Why do we obsess so much about money? Particularly, not having enough money.
We all have different amounts of income coming into our household each month, and we all have different expenses. No matter how much money we make, we always live at that level (or above).
Isn’t it funny how, no matter how much money someone has, they always wish they had more? We always dream of what we could do if we only had a little more cash each month. Dreams are the whole reason why the lottery sells so many tickets. How many of us have walked by a nice house or car and thought “Boy, if only I had the money!”
We place so much importance on money. Relationships break up over it all the time. We choose our mates based on income. You know you do! I know I do. If I meet someone who tells me he is unemployed, I instantly get my guard up. In my case, it comes from the experience of having dated a guy who had declared bankruptcy. He told me that he and his wife were forced to do it during the divorce process, and I gave him the benefit of the doubt. But after 6 months of dating and lending him over $500 that I never saw again, we broke up. So now I’m a little gun shy. My criteria for dating has now included “must not be bankrupt”. I don’t think I’m being too picky….
It has been said that money if the root of all evil. But it also helps us do certain things. You have a roof over your head and food in the cupboards. We certainly don’t want to be homeless, or have our loved ones go without the basic needs and wants. But beyond that, once the needs and wants are all taken care of, when is enough, enough? The answer is, never. Because the ‘wants’ never stop. That’s where we get into trouble.
Most of us have debt. Whether it’s a mortgage, car loan, student loan, credit card, line of credit, buy now pay later, or payday loan, we owe someone something. Most of us also say that having debt is a part of life. I tend to disagree. Yes, I have debt too, but I think it is possible to live debt free. Our problem is that we don’t have the patience to save up for things. Yes, it would take forever to save up for a house. But it’s not impossible with proper planning. Think back to the seventies. A lot of people, my parents included, paid for their house as it was being built. They never had a mortgage. Don’t you wish that could happen for you!? I sure do!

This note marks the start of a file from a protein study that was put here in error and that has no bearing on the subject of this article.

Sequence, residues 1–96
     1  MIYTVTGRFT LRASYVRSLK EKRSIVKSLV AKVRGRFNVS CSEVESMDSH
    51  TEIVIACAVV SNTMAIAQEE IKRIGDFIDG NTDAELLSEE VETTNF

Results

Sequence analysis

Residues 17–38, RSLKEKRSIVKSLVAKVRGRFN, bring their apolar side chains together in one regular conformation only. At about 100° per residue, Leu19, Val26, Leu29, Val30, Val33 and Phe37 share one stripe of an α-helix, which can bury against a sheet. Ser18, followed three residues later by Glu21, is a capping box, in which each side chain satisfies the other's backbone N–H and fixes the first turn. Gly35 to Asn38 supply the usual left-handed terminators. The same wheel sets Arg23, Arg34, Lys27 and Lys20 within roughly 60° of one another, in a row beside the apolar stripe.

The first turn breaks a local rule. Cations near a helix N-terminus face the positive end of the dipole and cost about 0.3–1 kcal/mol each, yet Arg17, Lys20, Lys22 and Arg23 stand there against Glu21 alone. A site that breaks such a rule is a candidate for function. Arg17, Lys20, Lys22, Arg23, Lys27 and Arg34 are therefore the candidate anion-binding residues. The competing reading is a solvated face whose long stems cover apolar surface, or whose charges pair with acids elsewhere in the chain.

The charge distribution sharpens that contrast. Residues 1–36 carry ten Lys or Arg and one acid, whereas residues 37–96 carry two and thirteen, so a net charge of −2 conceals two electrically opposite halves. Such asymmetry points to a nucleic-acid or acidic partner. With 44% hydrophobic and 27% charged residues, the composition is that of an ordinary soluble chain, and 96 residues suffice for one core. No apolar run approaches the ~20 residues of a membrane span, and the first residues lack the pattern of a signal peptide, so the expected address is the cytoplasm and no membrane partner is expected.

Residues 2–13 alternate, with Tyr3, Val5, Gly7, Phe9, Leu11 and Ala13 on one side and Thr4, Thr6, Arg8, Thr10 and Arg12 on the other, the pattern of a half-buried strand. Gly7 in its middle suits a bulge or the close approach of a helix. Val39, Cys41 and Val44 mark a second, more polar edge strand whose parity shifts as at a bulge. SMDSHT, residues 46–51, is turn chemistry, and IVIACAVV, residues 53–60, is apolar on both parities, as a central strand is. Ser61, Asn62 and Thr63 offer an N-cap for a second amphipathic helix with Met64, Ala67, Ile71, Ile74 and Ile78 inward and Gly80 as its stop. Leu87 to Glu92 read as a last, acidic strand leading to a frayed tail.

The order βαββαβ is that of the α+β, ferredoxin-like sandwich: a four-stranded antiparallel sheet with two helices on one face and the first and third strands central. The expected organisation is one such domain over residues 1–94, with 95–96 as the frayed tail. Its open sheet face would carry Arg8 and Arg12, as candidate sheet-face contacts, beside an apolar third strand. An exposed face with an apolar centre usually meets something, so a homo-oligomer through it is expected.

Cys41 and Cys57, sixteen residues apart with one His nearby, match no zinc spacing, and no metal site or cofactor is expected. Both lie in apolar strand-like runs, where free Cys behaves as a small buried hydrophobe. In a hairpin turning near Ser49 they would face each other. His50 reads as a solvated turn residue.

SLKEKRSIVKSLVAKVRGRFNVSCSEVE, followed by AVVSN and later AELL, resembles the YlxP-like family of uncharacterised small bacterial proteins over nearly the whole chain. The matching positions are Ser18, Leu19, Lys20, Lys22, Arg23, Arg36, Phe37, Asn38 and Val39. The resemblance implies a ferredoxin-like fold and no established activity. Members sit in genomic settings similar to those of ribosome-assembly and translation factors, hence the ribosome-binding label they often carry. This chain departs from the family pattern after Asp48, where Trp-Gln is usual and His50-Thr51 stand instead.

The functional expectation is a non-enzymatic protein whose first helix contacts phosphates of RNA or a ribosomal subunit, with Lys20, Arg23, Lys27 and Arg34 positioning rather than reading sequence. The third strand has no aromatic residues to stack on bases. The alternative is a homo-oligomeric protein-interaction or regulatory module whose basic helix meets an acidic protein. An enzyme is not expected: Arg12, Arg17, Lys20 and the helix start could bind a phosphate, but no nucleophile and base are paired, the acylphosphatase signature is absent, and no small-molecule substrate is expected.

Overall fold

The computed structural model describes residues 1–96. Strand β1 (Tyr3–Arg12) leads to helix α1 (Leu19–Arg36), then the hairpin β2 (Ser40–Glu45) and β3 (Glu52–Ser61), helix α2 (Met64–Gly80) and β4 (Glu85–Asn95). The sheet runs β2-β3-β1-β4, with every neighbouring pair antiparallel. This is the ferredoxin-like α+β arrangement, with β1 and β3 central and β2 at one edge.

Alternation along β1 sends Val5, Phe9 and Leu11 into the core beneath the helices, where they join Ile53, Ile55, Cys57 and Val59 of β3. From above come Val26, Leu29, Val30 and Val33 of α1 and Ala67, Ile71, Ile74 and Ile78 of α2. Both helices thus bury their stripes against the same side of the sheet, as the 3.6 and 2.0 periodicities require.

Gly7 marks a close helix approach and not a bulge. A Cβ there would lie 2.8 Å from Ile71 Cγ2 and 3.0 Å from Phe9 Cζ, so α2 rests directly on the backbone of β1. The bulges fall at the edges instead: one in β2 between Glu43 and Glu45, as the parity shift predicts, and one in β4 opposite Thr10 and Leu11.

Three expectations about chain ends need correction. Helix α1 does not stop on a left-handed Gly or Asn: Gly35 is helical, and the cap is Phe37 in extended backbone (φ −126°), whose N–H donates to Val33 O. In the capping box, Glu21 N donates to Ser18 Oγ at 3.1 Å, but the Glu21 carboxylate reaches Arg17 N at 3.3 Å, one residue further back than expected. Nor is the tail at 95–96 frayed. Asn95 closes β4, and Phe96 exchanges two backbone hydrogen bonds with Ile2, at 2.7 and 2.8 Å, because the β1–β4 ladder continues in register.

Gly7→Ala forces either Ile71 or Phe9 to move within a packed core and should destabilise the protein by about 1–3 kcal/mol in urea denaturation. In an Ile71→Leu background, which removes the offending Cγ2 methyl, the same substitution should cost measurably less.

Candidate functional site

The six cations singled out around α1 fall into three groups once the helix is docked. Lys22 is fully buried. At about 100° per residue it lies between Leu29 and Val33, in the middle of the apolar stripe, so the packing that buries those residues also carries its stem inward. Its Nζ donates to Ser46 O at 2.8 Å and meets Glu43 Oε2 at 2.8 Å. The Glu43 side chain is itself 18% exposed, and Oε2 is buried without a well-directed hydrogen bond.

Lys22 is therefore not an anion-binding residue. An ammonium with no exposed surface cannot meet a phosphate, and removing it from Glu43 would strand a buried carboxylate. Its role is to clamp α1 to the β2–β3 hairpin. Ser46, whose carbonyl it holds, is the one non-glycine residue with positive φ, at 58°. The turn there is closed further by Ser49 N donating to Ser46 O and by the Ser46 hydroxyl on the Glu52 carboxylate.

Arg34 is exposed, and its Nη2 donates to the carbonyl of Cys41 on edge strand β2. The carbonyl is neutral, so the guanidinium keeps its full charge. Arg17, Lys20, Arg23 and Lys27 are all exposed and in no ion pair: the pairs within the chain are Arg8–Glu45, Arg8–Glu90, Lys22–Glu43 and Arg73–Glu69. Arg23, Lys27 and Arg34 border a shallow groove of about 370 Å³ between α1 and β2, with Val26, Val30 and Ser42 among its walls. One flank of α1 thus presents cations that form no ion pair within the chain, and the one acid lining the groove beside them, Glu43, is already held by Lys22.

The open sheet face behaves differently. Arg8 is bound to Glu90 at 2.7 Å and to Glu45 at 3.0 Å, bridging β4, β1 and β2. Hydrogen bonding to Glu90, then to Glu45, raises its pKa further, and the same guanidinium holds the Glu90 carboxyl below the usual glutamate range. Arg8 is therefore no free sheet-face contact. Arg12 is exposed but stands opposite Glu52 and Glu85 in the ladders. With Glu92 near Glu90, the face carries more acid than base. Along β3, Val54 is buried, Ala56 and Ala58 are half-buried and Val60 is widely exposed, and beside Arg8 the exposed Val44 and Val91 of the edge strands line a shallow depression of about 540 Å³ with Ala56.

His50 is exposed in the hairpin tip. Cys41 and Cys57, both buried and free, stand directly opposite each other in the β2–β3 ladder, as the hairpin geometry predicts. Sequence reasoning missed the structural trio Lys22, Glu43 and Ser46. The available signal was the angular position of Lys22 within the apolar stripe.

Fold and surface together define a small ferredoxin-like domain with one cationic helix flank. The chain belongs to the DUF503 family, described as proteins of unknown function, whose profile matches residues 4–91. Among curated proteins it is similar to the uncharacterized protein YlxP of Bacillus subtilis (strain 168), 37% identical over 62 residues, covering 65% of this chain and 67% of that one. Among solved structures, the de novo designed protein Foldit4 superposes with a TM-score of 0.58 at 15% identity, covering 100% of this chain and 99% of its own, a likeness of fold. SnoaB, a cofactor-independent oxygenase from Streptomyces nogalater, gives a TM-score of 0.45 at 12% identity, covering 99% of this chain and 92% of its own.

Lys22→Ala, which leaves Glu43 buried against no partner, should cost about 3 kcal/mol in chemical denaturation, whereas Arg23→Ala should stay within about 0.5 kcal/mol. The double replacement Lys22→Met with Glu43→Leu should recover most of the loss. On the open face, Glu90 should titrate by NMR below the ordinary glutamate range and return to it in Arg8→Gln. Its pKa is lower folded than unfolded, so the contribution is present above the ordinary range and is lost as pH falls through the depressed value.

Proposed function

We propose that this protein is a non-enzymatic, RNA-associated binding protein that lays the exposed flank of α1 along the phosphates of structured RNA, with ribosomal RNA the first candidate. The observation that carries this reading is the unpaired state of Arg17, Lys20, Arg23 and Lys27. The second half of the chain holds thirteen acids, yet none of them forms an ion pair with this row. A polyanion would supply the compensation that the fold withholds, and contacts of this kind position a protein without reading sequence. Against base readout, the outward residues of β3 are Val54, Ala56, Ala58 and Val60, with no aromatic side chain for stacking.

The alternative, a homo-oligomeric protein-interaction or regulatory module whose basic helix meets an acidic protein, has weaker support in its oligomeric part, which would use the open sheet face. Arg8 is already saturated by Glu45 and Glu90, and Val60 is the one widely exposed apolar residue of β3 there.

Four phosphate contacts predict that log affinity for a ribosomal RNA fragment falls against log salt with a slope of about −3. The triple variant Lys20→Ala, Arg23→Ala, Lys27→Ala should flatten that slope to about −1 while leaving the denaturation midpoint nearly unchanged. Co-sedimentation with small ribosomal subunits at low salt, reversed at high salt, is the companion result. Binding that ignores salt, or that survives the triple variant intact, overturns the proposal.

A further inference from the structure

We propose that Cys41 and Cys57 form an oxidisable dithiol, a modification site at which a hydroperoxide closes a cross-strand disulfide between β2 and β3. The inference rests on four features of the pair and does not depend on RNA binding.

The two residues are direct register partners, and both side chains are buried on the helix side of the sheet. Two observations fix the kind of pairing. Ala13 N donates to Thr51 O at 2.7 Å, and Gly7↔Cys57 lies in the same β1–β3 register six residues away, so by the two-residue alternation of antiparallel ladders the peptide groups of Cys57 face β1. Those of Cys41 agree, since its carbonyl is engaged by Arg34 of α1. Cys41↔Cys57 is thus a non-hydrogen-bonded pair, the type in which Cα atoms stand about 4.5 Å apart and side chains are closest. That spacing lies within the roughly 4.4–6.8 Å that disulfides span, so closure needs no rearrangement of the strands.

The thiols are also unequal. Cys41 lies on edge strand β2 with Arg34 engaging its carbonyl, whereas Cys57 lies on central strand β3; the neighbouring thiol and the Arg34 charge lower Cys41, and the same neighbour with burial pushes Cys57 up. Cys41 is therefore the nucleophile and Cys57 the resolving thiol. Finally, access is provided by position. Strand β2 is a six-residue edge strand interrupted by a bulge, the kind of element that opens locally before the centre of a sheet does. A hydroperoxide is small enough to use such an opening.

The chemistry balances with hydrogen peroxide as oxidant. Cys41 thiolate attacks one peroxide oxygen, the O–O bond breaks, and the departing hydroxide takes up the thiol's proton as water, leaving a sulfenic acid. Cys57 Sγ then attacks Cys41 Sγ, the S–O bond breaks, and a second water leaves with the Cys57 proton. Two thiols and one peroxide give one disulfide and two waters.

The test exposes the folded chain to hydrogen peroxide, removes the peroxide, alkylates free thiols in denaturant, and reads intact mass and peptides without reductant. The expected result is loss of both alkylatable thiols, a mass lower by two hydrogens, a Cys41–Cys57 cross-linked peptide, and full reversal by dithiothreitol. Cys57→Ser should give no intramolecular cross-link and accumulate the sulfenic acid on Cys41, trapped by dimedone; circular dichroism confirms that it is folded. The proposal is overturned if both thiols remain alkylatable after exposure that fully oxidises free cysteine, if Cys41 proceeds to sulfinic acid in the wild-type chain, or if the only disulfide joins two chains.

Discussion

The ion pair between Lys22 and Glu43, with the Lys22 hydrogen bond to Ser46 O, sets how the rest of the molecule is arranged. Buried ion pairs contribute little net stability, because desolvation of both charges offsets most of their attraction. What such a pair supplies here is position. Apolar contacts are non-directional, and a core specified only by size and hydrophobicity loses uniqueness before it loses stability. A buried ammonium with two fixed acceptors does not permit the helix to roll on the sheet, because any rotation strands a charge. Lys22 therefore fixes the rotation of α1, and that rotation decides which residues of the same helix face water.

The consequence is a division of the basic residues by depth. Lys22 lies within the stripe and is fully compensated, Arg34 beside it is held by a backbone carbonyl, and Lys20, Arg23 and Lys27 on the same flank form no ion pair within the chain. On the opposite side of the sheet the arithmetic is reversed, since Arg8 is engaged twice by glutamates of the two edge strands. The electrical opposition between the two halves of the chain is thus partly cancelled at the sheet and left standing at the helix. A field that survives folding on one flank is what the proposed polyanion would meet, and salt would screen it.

I struggle with this issue every day. I want the nice things in life. I want the vacation, the clothes, the home. But I save and save. It takes a LOT of discipline, trust me! And I am certainly not perfect. I feel the pressure from friends as well. They wonder why I don’t drive to work every day. I also have an older style CRT television and most people ask why I don’t have one of those new flat, thin, LCD tvs. My answer – it works just fine. It’s all about priorities.
Quite often we judge people based on their material possessions or outward appearance. Whether someone has money or not is usually one of the first judgements we make. I recently saw a photo on a celebrity gossip website about Keanu Reeves. Someone took a photo of him riding the subway. He was reading the newspaper and looking like any other commuter. They were perplexed as to why he was taking the subway, since he is obviously very rich. They accused him of always looking like a bum as well; saying that he never shaves or dresses very well. I thought he looked just fine – nevermind the fact that I’ve had a crush on him for the last twenty years! I, for one, think he is actually being very smart. First of all, I commend him on not caring what others think and for being practical. He’s taking care of his finances and being responsible with his income. He’s securing his future because, even though he’s got a great career right now, Hollywood can be fickle. He just might never get another hit movie, or the studios may stop calling altogether. We judge other celebrities just as harshly for buying a car for every day of the week and splashing out on a massive mansion in the hills. It seems that no matter what anyone does with the money we have, we judge them based on their choices.
Money. It takes up so much of our lives. We are always working for it, saving it, spending it, wanting more, being jealous of those who have it, and being resentful of those who beg for it. Some people in this world never see more than twenty dollars during the entire course of their lives – are they poor? Or do they live a full and rich life, free of material possessions and of wanting more? Is that possible for you and I as well? It’s something I strive for – to be happy with ‘enough’ and life a contented life.